You cannot get infected by just looking

Opening an email is a safe thing to do.

Having your preview pane open is a safe thing to do – even if you’re not around.

Email programs and email services now no longer allow the things that once upon a time made looking at an email risky.

However…

You CAN get infected if…

The one thing missing from the discussion above is: attachments.

The ability to attach an arbitrary file to an email message actually pre-dates HTML formatted email. It remains a convenient way to transfer a file from one place to another.

Unfortunately, the word “arbitrary” is appropriate. Any file can be attached to an email, including programs that would infect your machine with malware.

That’s why one of the admonitions relating to internet safety is to never open an attachment you’re not expecting and that you don’t know is safe.

You can get infected by just looking at the contents of an attachment.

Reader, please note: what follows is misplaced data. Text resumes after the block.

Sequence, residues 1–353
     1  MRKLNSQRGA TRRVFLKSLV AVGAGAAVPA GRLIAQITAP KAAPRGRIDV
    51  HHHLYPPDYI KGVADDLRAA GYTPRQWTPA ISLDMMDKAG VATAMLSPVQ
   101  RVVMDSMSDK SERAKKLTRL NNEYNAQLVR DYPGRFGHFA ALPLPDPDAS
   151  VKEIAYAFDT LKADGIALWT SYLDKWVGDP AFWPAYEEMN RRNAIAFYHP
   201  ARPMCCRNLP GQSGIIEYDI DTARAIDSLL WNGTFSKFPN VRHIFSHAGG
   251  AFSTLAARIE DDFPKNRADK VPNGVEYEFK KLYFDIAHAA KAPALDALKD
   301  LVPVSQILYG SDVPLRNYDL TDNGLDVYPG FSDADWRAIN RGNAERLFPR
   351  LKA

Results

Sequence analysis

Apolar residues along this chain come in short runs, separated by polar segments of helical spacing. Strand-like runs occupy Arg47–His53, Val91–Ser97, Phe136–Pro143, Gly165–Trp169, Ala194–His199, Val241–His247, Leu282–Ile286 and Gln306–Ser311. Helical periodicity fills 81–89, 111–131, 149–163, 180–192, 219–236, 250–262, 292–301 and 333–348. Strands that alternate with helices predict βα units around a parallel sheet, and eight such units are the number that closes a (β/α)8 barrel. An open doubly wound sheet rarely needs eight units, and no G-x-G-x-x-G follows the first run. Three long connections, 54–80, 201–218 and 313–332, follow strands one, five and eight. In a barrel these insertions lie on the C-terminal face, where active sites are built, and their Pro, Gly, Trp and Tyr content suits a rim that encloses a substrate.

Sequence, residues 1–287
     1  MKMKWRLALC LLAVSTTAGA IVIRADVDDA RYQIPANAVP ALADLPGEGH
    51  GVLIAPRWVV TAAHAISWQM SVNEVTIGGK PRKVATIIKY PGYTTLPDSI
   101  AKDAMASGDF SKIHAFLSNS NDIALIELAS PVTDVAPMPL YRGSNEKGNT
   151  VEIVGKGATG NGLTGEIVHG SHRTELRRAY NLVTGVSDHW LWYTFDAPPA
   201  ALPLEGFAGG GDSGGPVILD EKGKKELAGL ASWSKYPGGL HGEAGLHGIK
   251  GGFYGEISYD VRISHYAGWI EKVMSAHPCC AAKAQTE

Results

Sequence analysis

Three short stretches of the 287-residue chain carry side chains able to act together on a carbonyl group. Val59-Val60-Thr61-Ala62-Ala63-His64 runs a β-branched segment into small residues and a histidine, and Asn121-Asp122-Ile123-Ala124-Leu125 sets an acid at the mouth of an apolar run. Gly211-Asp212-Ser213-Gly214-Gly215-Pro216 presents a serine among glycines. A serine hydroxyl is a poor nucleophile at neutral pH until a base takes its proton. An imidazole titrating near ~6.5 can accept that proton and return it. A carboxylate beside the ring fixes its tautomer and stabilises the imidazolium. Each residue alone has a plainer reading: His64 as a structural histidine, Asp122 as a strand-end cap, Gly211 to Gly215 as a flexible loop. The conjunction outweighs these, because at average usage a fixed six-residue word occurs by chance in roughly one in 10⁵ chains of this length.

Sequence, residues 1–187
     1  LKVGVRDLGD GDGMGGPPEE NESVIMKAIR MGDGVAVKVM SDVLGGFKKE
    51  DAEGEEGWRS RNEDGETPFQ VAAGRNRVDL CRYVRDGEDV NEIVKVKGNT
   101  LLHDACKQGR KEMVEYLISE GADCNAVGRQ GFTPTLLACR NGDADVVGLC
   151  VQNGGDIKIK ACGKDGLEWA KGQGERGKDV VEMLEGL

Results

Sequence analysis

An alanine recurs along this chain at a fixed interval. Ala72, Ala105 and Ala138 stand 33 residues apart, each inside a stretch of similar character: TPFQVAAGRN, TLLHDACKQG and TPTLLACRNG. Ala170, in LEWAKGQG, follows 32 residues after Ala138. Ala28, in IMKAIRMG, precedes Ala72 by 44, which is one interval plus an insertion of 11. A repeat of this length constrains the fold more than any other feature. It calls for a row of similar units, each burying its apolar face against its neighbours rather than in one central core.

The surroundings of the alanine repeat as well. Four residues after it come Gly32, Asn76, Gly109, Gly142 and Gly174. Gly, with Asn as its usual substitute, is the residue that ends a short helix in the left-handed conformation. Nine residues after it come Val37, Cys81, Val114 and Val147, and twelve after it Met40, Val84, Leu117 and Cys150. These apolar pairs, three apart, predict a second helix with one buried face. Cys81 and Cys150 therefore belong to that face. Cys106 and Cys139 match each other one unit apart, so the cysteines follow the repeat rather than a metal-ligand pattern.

Email safety rules

So, let’s review the rules for safe email:

  • Keep your versions of Windows, your browser, and your email program up to date with the latest patches.
  • Run appropriate anti-malware software to help keep your system clean.
  • Keep your anti-malware software up to date and most importantly, allow them to keep their databases of malware information as up to date as possible as well.
  • Never open an attachment unless you expect it, you’re positive you know what it is, and that you trust the sender.
  • Never click on a link in an email message unless you’re positive you know where it’s going and that you trust the sender.
This is an update to an article originally posted : April 28, 2004
Footnotes and references
1: This behavior has also changed over the years and I believe Outlook now no longer changes which message is selected.
2: One example: there were at one point exploits in the software used to display images such that malware could attach itself to maliciously crafted image files. Not only have those exploits been resolved, but most email programs no longer display images from untrusted senders by default.